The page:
[NEW YORK] Airbnb plans to open its books to investors as soon as next Thursday ahead of a much-anticipated initial public offering (IPO), according to people with knowledge of the matter.
The home-rental startup, which said in August it filed confidentially for a listing with the US Securities and Exchange Commission, will make those documents and its financial information public for the first time. Airbnb is aiming to raise as much as US$3 billion in an IPO on the Nasdaq Global Select Market, Bloomberg has reported, in what would be one of the biggest listings this year. Timing of the filing could still change, said the people, who declined to be named discussing private information.
Airbnb's listing will come in a tight window for public debuts during an eventful year. Covid-19 and the uncertain outcome of the US presidential election had led companies to think twice before tapping the market, while the holiday calendar in the remainder of the year means there is a shorter time frame to get deals done.
A representative for Airbnb declined to comment. Reuters earlier reported on the filing coming next week. While Airbnb had been sending incremental updates to the market signalling its debut is on the way, filing the prospectus will serve as a key milestone. It will be allowed to start taking orders for shares from investors 15 days after the documents are available. Airbnb is expected to be trading in early December.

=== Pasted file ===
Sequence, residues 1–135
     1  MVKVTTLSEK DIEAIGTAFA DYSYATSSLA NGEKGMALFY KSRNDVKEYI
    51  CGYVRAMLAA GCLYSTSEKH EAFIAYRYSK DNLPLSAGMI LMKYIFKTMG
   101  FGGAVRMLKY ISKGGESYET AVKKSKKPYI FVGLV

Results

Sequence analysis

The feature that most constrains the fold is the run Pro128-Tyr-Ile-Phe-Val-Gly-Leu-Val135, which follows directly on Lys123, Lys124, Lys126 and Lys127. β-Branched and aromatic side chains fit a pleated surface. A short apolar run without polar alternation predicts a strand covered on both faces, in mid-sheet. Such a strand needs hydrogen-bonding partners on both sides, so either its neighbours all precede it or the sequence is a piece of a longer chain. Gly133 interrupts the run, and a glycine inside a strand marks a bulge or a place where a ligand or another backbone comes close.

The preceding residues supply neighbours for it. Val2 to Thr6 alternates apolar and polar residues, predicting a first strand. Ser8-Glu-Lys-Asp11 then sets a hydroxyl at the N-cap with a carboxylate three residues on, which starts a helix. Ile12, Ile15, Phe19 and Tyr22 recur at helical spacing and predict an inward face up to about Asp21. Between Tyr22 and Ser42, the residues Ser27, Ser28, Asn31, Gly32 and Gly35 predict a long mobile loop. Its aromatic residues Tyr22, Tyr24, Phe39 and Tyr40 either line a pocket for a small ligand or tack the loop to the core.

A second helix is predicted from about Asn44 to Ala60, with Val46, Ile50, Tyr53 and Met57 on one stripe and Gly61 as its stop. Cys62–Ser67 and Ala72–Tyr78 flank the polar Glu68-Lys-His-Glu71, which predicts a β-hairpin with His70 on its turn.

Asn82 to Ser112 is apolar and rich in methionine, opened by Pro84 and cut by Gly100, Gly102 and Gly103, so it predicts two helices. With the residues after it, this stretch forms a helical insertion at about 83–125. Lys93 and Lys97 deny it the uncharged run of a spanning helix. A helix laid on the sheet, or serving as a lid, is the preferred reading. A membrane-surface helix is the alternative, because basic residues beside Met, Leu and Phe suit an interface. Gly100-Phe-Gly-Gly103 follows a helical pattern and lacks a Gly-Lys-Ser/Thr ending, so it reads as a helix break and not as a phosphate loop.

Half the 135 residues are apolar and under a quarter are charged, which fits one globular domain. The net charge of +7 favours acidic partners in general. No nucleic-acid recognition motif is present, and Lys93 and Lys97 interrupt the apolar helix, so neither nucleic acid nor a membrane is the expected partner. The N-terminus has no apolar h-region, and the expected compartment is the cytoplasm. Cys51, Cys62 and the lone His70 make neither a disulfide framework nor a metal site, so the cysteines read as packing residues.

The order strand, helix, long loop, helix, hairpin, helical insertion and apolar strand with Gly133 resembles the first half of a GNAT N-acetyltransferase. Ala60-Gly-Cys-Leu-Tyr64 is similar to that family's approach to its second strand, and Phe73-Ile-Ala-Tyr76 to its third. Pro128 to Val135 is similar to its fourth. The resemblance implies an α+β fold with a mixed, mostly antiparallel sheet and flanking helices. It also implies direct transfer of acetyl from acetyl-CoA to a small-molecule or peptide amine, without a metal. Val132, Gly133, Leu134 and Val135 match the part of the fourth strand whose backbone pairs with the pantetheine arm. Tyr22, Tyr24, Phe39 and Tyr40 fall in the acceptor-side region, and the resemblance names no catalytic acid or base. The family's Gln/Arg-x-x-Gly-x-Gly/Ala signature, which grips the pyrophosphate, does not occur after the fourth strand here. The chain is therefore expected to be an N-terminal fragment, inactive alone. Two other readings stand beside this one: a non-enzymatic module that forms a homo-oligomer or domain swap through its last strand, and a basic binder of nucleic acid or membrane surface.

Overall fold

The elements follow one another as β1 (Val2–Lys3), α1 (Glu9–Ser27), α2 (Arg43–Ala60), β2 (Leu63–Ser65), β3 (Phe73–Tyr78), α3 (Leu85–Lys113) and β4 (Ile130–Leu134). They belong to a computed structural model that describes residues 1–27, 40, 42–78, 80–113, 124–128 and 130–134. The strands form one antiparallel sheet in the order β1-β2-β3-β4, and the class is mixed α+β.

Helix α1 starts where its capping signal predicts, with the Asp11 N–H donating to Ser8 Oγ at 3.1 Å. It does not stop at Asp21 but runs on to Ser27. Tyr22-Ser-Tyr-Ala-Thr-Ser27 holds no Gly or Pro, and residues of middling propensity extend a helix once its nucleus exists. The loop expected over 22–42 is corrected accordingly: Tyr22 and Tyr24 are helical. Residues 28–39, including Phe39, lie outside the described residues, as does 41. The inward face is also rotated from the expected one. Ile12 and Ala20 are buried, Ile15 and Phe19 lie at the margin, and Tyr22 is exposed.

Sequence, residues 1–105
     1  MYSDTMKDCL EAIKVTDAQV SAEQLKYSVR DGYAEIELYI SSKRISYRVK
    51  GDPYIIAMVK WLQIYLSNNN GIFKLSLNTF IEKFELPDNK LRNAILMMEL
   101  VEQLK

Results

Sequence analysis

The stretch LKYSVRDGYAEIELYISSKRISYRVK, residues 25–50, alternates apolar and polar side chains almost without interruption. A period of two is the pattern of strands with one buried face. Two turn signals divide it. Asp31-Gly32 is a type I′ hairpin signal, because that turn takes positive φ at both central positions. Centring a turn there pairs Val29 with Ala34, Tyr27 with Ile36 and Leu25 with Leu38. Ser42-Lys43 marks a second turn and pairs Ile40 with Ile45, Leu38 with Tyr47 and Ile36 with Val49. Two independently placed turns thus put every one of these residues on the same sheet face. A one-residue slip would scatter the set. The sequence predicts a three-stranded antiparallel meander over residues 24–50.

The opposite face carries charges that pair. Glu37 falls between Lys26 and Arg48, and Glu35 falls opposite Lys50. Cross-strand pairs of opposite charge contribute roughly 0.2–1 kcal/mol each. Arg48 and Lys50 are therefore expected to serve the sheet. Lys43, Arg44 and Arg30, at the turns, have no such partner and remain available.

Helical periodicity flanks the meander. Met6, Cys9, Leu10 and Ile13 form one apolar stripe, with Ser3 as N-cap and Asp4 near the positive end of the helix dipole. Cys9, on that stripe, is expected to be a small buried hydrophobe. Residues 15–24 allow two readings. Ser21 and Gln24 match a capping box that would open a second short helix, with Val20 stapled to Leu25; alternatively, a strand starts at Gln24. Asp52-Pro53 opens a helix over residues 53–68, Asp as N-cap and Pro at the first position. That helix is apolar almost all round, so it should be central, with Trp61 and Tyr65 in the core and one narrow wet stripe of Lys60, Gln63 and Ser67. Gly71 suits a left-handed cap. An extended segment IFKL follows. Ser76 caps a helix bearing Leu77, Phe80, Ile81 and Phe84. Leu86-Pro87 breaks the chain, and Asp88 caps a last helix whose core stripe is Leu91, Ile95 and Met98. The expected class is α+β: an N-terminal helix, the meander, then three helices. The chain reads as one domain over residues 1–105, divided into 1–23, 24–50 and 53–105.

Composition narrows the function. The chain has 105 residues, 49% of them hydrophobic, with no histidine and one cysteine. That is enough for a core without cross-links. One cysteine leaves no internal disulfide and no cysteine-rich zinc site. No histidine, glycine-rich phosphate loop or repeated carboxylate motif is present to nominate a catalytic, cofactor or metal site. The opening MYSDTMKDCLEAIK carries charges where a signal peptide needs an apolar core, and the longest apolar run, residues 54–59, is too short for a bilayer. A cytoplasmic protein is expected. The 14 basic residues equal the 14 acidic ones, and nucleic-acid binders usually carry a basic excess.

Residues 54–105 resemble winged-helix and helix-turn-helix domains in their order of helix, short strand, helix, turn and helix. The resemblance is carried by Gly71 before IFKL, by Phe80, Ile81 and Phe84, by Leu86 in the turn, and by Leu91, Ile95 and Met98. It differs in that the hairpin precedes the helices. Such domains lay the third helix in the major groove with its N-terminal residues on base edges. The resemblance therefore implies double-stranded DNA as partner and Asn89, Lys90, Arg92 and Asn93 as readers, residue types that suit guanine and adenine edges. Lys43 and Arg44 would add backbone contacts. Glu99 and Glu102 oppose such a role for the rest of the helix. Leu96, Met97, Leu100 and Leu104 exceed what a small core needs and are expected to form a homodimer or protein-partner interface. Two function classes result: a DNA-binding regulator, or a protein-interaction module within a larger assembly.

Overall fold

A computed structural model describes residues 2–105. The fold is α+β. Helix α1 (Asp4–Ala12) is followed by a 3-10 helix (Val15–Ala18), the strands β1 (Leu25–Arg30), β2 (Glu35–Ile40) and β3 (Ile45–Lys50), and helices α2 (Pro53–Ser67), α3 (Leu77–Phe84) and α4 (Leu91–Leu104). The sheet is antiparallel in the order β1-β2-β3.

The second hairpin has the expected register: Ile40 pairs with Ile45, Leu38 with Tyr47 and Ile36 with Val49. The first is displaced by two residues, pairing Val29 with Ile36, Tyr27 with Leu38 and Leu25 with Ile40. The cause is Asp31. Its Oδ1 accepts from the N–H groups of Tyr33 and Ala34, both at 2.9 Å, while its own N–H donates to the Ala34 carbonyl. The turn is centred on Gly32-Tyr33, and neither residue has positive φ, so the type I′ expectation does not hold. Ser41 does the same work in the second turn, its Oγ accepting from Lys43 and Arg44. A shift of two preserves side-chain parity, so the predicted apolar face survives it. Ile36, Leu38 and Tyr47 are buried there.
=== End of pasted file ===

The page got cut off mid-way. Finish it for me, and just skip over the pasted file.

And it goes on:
Airbnb is pushing through with its IPO despite a tumultuous year that almost saw plans scrapped with the onset of the coronavirus pandemic. As Covid-19 shut down global travel, Airbnb saw its bookings plummet and revenue tumble.
The company cut a quarter of its staff in May with reservations down 70 per cent from a year earlier. However, Airbnb bounced back faster than expected over the summer. In June, bookings were down only 30 per cent compared with the same month in 2019. The surge in demand was driven by travellers seeking nearby vacation rentals to escape shuttered cities and take advantage of remote work policies.
The San Francisco-based company was valued at US$18 billion in April when it raised US$2 billion in debt from investors at the depth of the pandemic. That was a significant drop from its earlier peak valuation of US$31 billion in a 2017 fundraising round. The quicker-than-expected rebound from the pandemic has brought the company's valuation back to US$22 billion at end of September, based on the value of its common shares at a recent stock split, Bloomberg News reported.
If it raises the US$3 billion it hopes to, Airbnb's offering would be the third-biggest on Nasdaq, topped only by Facebook's US$16 billion IPO in 2012 and Mondelez International's US$8.68 billion listing in 2001.